In a community like Shorewood, high-density development means multiple level apartment or condominium living with more people on one plot of land. 


A small plot of land under these conditions in a three story building might bring at least two to as many as eight families where only one family might ordinary live and now with an added commercial ground floor.


These accommodations of course call for different life styles.


A single-family unit might have one or more school age children while a multi-family might have no children.  Depending on the financial school arrangements at the time this may be beneficial or administrative detrimental.


Shorewood, a few years ago was indirectly and directly encouraging the movement of elderly into apartments to make homes available to younger people with children in order to reap the subsidies for a higher number of school children.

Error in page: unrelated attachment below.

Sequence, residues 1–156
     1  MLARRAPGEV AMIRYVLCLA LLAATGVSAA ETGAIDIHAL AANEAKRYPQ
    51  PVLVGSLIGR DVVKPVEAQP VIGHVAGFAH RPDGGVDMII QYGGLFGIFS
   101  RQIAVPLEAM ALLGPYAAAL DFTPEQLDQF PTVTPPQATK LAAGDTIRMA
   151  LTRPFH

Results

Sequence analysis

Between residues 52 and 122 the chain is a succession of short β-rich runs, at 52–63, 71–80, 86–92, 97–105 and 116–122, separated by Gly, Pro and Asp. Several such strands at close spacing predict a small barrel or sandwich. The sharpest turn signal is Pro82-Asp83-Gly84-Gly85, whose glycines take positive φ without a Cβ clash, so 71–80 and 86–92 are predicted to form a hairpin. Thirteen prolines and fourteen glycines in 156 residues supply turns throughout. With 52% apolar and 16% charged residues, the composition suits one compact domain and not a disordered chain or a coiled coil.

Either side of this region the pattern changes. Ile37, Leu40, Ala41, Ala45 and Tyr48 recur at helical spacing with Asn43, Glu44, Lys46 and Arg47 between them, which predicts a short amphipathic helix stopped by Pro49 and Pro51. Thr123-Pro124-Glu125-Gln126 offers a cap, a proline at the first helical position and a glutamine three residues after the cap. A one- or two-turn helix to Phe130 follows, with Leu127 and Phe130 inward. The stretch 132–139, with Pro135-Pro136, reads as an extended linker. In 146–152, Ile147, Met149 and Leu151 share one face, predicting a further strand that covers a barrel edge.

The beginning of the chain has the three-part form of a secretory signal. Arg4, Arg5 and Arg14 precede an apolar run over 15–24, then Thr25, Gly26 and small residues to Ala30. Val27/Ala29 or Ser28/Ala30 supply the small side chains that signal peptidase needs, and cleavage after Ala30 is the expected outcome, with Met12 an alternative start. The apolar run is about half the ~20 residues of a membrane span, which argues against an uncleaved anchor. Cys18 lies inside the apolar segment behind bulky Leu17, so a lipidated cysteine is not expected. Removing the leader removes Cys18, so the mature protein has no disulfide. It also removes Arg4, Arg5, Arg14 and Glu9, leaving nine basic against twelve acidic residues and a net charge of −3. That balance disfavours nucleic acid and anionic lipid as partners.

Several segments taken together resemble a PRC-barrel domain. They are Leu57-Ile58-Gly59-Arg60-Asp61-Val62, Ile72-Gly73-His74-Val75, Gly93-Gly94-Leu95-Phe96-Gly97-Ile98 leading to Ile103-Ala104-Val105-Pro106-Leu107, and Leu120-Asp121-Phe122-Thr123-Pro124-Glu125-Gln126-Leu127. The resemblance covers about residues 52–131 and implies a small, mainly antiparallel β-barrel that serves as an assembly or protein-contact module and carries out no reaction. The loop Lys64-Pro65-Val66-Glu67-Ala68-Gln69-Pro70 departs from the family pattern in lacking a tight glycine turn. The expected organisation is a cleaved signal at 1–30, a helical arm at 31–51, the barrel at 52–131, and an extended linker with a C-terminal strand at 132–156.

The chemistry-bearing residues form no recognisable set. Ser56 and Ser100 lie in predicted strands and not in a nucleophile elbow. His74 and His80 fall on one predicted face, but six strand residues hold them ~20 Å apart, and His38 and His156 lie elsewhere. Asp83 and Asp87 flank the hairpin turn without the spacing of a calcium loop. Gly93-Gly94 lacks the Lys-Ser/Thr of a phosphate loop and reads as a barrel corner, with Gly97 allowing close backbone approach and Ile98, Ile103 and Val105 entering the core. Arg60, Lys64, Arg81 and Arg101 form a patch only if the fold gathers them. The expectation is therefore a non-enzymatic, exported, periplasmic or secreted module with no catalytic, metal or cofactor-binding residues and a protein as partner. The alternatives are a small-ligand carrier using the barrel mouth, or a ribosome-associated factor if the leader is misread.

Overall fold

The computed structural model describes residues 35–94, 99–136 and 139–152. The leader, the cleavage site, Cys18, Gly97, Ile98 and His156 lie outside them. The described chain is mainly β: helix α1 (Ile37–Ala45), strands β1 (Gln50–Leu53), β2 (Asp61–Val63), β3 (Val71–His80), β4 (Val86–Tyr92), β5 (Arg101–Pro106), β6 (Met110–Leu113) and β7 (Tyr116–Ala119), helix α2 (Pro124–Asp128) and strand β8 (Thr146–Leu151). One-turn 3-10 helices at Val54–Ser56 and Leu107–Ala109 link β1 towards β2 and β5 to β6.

Today this situation has changed mainly due to the decline in school subsidies.


Higher density residential and commercial development usually calls for structural parking, more on-street parking and changes in transportation patterns.


There is a tendency to bring more cars into the area along with these new conditions.  We might expect some higher community cost related to service capacites and to community functions. There are four story and higher buildings now facing single family houses and one storey shops, more noise and commotion in the area.


Not all aspects of development are community beneficial or result in tax reductions.  Some properties affected may even decline in value and desirability.

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